Home  »  Volume III: English RENASCENCE AND REFORMATION  »  § 16. Cosmopolitanism

The Cambridge History of English and American Literature in 18 Volumes (1907–21).
Volume III. Renascence and Reformation.

V. The Progress of Social Literature in Tudor Times

§ 16. Cosmopolitanism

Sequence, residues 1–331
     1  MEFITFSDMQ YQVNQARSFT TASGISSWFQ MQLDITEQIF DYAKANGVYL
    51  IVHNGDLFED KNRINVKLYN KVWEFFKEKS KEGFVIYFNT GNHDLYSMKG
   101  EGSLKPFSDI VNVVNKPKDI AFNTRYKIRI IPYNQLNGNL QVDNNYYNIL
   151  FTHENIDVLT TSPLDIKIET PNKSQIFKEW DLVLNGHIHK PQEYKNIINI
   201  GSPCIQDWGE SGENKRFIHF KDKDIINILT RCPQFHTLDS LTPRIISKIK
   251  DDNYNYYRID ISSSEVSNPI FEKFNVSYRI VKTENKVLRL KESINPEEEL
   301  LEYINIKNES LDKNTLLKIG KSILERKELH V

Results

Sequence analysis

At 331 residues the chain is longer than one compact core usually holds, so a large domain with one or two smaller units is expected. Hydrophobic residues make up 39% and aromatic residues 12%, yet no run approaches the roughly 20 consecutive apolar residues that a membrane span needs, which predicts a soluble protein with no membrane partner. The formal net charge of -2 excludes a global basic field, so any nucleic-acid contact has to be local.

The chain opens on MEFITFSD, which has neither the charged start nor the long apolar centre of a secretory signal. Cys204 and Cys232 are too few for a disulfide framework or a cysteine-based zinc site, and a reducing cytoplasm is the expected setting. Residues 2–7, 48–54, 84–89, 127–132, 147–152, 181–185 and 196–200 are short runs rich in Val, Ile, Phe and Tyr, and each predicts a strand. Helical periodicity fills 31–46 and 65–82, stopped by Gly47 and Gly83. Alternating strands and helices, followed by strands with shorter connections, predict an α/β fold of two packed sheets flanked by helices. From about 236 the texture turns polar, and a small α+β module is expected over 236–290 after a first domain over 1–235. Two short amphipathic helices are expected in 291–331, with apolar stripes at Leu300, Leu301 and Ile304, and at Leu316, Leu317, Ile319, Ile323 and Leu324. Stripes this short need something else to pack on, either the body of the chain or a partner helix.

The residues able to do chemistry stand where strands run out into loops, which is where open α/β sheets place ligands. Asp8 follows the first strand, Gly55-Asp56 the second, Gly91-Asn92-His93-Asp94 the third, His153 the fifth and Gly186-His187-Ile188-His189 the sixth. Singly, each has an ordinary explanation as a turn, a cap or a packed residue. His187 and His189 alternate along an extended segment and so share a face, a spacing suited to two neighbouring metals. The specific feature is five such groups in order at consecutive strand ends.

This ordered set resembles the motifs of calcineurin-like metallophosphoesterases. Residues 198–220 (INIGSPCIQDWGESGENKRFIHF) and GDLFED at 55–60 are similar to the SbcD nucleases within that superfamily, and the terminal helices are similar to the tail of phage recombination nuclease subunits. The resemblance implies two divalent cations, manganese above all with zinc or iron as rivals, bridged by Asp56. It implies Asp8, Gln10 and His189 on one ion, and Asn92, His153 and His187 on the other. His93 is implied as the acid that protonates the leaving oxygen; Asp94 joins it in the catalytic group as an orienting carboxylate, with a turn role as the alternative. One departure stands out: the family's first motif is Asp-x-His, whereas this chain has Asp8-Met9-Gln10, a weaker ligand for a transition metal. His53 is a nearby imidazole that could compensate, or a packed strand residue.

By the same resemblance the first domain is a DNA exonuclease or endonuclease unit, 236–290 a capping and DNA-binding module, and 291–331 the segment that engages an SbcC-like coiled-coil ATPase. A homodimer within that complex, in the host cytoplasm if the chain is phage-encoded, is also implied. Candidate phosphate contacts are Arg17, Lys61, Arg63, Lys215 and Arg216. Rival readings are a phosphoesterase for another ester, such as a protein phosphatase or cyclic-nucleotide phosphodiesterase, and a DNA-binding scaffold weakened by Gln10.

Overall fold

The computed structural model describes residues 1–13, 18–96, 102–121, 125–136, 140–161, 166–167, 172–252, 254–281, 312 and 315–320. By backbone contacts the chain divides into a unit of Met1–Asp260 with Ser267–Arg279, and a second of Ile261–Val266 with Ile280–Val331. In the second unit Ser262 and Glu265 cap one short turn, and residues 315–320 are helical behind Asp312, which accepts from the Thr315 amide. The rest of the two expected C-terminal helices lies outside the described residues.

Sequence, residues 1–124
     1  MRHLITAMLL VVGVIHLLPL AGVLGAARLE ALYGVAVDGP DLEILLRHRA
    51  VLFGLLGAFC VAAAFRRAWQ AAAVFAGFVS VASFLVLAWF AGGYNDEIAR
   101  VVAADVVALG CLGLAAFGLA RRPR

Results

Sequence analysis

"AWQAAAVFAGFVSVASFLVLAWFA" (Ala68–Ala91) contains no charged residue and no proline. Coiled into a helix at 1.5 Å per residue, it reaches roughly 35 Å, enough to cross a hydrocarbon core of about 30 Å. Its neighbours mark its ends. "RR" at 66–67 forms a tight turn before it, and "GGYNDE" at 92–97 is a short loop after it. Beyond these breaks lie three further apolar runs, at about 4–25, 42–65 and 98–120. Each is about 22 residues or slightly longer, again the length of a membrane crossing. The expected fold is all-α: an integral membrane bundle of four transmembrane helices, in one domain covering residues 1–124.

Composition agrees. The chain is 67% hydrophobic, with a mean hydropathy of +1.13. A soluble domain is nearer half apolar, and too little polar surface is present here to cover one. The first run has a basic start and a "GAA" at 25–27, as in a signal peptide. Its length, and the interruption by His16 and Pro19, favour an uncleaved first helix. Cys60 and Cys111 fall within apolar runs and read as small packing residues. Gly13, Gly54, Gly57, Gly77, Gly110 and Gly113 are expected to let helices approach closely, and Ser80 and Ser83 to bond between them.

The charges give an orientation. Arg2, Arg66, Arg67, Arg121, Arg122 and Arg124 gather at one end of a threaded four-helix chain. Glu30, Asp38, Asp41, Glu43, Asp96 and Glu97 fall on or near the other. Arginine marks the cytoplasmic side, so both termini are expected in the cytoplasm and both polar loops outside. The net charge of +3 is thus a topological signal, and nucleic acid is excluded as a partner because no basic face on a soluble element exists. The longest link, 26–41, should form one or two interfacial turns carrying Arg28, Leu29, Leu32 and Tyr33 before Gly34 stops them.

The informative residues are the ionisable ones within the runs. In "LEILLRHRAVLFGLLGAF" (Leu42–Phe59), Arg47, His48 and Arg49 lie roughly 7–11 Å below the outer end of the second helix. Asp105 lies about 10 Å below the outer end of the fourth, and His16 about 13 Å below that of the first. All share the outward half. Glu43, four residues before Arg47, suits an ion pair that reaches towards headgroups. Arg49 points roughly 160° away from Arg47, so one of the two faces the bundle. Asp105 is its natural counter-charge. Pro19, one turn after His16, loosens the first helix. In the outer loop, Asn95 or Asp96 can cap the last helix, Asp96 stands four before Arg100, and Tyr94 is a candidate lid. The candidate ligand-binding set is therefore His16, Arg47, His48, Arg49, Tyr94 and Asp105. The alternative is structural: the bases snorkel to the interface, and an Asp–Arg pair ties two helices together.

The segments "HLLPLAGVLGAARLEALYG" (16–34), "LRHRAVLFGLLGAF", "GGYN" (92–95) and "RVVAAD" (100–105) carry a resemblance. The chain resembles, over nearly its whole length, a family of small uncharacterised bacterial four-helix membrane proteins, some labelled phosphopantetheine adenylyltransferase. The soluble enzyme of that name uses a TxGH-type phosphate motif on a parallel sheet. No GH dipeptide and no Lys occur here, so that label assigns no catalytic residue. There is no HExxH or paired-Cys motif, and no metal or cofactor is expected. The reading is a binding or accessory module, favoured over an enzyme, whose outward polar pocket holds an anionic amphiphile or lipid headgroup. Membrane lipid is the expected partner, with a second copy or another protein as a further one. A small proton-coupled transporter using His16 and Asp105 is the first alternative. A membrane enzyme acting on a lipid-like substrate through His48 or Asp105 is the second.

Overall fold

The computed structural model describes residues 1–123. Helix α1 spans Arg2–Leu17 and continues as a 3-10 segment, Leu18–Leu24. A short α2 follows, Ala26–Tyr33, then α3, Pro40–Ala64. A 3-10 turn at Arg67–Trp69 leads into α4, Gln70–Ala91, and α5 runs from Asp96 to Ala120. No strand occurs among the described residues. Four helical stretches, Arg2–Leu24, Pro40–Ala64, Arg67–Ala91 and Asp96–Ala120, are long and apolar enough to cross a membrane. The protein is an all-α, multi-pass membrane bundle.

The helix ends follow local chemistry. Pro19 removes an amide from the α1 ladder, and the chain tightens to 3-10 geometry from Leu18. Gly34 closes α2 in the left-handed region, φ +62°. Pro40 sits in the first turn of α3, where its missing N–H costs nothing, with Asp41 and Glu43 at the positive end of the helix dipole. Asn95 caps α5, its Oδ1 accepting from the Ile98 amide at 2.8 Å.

While the social miseries of England were inspiring a whole literature of narrative and exposure, the sixteenth century spirit of cosmopolitanism was also finding popular expression. Curiosity with regard to other countries was by no means a creation of the age. The thirteenth and fourteenth centuries produced short Latin descriptions of the characteristics of different nations, and a series of pen and ink caricatures of the Irish, Welsh and Gascons are found in the margin of a document of the time of Edward I. But popular interest in the continent received a new impulse during the sixteenth century. The immigration of foreigners had, by 1517, become a marked feature of English commercial life, and the period from 1512 to 1558 is one of tentative exploration, which, though it produced no startling mercantile discoveries, accustomed England to the idea of the expansion of Europe, and helped to produce a revolt against insularity. As early as The Nature of the Four Elements, “declaringe many proper poynts of philosophy naturall and of dyvers strange landys and of dyvers straunge effects and causes,” we have a conception of cosmography serving as a basis for a morality play. The production, apparently, found no imitators. But the broadening of the national outlook is proved by the ever-increasing number of allusions to foreign countries, in the tracts of the time.